Every month, the SouthEast Valley Regional Association of REALTORS® in Mesa, Ariz., sends one or two text messages to 9,377 phone-toting members who opted into the program, from a total membership of about 12,000. Most messages concern upcoming dues deadlines, membership meeting reminders, urgent news (such as if a major system is down), or significant association events.

Wyndi Austin, director of marketing communications, says the association decided to use texting after she noticed members using more mobile devices to view its website. Using the Ez Texting messaging platform, the organization purchased a package that includes a specific number of monthly “credits”; each text sent uses two credits.

For the last three years, the association has sent just one or two texts per month. This optimal level was determined based on member input that said “most of them like receiving messages from us,” says Austin, “as long as we don’t abuse it or overdo it.” Before launching the program, Austin consulted with the National Association of REALTORS® to ensure that the program didn’t violate the CAN-SPAM Act, which sets the rules for commercial e-mail, establishes requirements for commercial messages, and gives recipients the right to opt out of receiving messages.

Calling the effort “wildly successful,” Austin sees texting as an immediate way to reach members without calling or waiting for e-mails to be opened. From the association perspective, she says, sending a text and including a link to sign up for a class or attend an event is easy. “Personally, I’d love it if we could increase the frequency to three a month, but our members are already being bombarded by messaging,” says Austin, “so we’re staying true to our promise.”

More Texts, Please

As REALTORS® use texting more often in their personal lives, they’re more likely to accept it from their association. More associations are turning to texting as a result. The benefits are clear: Open rates for text messaging are about 98 percent versus 15 to 22 percent for e-mail, according to Mobile Marketing Watch. According to CTIA, a wireless industry trade group, it takes 90 minutes for the average person to respond to an e-mail, but only 90 seconds to respond to a text message.

MetroTex Association of REALTORS® in Dallas has been using text messaging for about two years with good results, says Bill Head, director of communications. By texting a short code to a specific number, members opt into the Ez Texting support platform, which the association uses mainly to communicate MLS-related news and association alerts, such as system updates or downtimes. “If we’re going to take the time to text, it has to be important and related to the MLS, not just random stuff,” says Head. The communication method—which was rolled out after a member survey was “quite one-sided toward texting”—is underused, he says. “I’d like to see it used for advocacy as well.”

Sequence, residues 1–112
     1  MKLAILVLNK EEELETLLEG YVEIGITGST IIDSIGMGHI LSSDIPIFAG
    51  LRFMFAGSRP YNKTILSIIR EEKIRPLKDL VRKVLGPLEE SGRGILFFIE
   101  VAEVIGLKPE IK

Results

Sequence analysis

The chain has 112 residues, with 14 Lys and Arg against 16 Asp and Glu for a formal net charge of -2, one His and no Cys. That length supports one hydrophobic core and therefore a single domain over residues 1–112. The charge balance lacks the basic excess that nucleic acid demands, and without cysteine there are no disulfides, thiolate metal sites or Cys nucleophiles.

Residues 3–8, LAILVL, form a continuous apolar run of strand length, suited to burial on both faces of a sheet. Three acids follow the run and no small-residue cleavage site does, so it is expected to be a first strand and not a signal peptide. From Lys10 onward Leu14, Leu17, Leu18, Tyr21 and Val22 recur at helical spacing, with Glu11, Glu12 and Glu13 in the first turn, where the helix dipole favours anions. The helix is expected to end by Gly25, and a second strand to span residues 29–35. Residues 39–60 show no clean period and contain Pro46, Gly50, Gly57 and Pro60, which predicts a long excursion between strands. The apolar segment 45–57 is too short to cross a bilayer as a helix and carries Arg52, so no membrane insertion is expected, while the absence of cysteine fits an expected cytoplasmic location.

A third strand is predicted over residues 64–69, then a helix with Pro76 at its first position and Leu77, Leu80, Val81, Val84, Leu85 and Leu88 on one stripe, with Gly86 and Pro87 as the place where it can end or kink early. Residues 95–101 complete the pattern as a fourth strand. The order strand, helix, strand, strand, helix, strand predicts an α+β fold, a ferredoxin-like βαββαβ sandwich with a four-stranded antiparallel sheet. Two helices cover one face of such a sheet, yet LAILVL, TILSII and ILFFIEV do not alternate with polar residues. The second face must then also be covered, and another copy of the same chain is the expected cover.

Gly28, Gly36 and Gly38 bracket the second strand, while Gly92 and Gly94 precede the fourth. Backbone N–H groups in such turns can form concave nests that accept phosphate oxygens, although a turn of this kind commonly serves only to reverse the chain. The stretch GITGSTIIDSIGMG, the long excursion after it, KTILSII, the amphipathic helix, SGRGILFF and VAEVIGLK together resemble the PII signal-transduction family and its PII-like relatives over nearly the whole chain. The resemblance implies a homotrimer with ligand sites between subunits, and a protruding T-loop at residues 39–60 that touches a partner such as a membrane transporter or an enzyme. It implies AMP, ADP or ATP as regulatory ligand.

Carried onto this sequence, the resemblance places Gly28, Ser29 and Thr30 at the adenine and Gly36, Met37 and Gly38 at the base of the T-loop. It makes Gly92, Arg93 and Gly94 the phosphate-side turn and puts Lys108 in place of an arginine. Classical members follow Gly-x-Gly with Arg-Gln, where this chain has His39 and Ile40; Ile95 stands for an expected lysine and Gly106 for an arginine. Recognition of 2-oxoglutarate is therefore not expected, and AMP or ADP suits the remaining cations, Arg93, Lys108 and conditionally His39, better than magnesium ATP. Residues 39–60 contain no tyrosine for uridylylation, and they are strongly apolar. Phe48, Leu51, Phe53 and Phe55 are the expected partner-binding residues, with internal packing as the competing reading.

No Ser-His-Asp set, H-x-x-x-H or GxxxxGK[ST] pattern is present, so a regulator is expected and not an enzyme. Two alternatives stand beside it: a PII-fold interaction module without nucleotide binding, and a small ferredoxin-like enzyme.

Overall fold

Texting is not just limited to large metro areas. Vicki Heebner at the 520-member Ocean City Board of REALTORS®, N.J., says her latest association survey showed, for the first time, that texting was the number one way members would like to receive communications from the board, outranking the previous list-topper, e-mail messages.

“Our tech committee researched and tested some of the many texting vendors out there in the market,” says Heebner. “The key features that we identified were the ease of use of the system (we are a small board with a small staff) and the ability to conduct polls. We’ll be testing a vendor for the next six months to see how our membership responds.”

Danielle Boutin, director of emerging technologies and communications at the REALTORS® Association of the Palm Beaches, Fla., says the group’s 3-year-old text effort is also going well. With about 14,000 members, the association uses Dotsignal—which partially integrates with its contact management system, RAMCO—to send out dues notices, compliance-related announcements, and event information. “It’s been most successful though when sending a dues notification,” she says. “A link is right there in the text for them to access a mobile site and pay. We think it contributed to our very high early renewal rate this year.”